Threats · Harga saham yang terus menurun akan terus berkelanjutan. Statement of the problem Keputusan apakah yang akan dikeluarkan oleh Kimi Ford dalam investasi NorthPoint Large Cap Fund di Nike, Inc.? Alternative Course of Actions 1. Membuat keputusan untuk investasi di Nike, Inc. dengan menggunakan perhitungan Weighted Average Cost of Capital yang dibuat oleh Joanna Cohen. 2. Menahan investasi yang akan dilakukan pada Nike, Inc.dengan mempertimbangkan keadaan perusahaan yang sedang menurun. Recommendation Kami merekomendasikan alternatif pertama, dimana Kimi Ford harus mengeluarkan investasi untuk Nike, Inc. Case Analysis of Nike, Inc.: Cost of Capital Apparently, the issue of Nike’s case is to control and check the calculation cost of capital done by Joanna Cohen who is the assistant of a portfolio manager at NorthPoint Group. But I am willing to tell you that it can be a complex case in which we can doubt about sensitivity analysis done by Kimi Ford (portfolio manager) because her assumptions such as Revenue Growth Rate, COGS / Sales, S &A / Sales, Current Assets / Sales, and Current Liability / Sales have been adopted from previous income statements and balance sheets from 1995 to 2001. Perhaps, we can take new assumptions. Generally, the case issue is to examine if the share price of Nike is undervalue or overvalue and the common stock of Nike Inc should be added to the North Point Group’s Mutual Fund Portfolio or not. Now, let me approve Kimi Ford’s analysis and tell you only the mistakes of Joanna Cohen. What is the cost of capital? The cost of capital is the rate of return that a firm must earn on the projects in which it invests to maintain the market value of its stock. Cohen calculated a weighted average cost of capital (WACC) of 8.4 percent by using the Capital Asset Pricing Model (CAPM) for Nike Inc. I do not agree with Joanna Cohen because of below mentioned: -In the field of Equity’s Cost: She should use current yields on US Treasuries 3 to 12 months at 3.59% because the yield curve is upward sloping. Upward sloping yield curve means that North Point Group should rely to short-term financing instead of long term financing. In fact, by short term financing, the manager can use cheaper cost of equity. It means that North Point Group should sell the purchased shares of Nike during the period of one year. In the case of value of equity, Cohen’s should use liquidation value in calculating value of equity. Liquidation value per share is more realistic than book value because it is based on the current market value of the firm’s assets by using of balance sheet data.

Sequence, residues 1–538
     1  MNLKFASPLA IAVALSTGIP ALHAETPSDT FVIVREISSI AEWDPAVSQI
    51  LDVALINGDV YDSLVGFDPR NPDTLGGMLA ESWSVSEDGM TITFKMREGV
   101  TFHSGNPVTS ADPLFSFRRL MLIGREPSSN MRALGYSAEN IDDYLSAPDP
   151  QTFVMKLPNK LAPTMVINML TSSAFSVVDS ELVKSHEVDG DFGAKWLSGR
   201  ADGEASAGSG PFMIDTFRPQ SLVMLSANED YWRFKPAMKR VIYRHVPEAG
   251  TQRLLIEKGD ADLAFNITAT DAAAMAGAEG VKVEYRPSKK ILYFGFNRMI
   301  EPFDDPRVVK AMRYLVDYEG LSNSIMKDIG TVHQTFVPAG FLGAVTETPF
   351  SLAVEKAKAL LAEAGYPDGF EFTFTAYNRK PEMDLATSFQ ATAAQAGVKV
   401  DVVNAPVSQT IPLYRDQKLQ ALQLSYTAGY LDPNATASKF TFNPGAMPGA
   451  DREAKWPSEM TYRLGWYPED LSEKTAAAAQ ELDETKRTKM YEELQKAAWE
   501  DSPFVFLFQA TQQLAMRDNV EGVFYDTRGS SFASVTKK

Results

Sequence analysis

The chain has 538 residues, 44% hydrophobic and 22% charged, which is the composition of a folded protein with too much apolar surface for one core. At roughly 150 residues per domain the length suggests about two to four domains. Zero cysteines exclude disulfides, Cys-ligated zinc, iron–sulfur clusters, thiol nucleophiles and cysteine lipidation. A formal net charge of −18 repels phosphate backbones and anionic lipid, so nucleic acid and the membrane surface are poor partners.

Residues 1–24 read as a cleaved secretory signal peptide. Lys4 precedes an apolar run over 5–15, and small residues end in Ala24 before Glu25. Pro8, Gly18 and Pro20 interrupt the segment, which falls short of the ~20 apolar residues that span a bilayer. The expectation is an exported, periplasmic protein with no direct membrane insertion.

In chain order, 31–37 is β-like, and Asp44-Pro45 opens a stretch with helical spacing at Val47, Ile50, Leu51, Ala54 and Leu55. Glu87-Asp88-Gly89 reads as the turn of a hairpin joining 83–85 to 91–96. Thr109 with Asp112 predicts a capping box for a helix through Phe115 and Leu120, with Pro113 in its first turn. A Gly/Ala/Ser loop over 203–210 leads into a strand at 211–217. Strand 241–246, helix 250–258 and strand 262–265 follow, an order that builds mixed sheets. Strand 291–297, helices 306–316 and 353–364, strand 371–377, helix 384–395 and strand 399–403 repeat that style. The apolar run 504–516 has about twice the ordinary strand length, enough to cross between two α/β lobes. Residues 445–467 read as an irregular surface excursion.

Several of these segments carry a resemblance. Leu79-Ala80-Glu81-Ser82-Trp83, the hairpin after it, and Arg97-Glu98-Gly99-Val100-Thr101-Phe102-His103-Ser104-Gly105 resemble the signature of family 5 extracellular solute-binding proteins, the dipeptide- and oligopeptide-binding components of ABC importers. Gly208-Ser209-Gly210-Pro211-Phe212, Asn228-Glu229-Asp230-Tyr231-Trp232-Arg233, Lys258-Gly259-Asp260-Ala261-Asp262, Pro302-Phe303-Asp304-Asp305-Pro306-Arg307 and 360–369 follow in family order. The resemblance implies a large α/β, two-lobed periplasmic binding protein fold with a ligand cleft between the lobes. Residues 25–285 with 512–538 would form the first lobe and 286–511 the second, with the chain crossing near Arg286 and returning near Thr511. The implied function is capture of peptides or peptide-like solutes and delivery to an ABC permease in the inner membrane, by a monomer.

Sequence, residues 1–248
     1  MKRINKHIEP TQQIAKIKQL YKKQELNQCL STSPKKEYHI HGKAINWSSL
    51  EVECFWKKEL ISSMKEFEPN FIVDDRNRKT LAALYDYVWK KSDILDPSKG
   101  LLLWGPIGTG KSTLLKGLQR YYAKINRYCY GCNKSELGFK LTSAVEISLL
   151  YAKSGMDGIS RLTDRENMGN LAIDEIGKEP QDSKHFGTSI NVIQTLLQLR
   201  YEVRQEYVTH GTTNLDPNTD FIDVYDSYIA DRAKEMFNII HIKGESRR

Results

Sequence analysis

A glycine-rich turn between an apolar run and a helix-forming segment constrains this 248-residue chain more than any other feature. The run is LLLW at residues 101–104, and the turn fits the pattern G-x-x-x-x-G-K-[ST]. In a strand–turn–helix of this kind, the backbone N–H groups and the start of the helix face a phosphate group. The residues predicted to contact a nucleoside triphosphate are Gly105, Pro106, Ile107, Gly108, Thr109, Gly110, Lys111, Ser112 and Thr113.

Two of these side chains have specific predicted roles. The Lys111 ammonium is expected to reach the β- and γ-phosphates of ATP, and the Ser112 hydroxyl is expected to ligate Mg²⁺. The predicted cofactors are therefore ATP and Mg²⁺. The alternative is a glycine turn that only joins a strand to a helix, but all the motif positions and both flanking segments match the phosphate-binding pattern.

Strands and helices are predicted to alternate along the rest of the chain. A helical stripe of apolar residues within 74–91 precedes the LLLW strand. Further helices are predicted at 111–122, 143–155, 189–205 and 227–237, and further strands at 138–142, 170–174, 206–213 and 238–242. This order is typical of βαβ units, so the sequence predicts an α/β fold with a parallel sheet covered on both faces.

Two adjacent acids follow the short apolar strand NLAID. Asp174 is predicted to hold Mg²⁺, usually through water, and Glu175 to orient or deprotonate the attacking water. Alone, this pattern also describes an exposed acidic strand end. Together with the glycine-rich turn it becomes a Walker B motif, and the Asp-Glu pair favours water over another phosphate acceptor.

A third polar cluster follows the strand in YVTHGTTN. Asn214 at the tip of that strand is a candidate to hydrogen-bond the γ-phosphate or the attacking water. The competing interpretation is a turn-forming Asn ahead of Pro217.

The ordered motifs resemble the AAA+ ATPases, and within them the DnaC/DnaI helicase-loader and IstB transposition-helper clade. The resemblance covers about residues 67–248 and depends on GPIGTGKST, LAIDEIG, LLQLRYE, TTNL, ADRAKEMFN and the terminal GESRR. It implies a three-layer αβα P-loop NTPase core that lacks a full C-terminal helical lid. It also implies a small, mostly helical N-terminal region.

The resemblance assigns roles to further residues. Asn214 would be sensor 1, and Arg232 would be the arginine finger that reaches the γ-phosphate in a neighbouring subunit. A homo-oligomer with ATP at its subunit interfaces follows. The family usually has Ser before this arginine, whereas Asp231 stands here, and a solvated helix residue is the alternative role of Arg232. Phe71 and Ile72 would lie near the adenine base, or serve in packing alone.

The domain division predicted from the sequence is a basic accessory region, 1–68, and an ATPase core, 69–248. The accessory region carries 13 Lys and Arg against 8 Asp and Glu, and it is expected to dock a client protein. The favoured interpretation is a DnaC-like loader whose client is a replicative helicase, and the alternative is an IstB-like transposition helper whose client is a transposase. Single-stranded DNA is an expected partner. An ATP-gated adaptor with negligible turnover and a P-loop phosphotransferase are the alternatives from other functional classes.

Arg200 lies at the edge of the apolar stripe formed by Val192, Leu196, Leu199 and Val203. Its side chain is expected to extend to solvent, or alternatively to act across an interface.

Market Value of Equity (E) Calculation: E = Stock Price x Number of Shares Outstanding = $42.09 X 271.5 = $11,427.44 This figure is should be used for market value of equity (E) rather than Joanna Cohen figure ($3,494.50). -In the field of Debt’s Cost: In calculating value of debt, Cohen should have discounted the value of long-term debt that appears on the balance sheet. It means she should also consider the future value of total long term debt base on coupon rate. To calculate total value of debt, the steps are as follows: Market Value of Debt (D) Calculation: I considered the total amount of Debt for all items which are included by a interest rate as follows: -Current portion of long -term debt -Notes payable -Long - term debt -Redeemable preferred stock D = Current LT + Notes Payable + LT Debt (discounted) = $5.40 + $855.30 + $435.9 + 0.3 = $1296.9 Using these figures, we can now find the market value of Nike Inc., and the company’s capital structure. The Calculation of Weighs: The weights of debt and equity are calculated using the market values of debt and equity as follows: Weight of Debt (WD) D + E = 1296.9 + 11,427.44 = 12724.34 WD = D/ D+E WD = $ 1296.9 /$12724.34 = 10.2% Weight of Equity (WE) WE = E/ D +E WE = 11,427.44/ 12724.34 =89.8%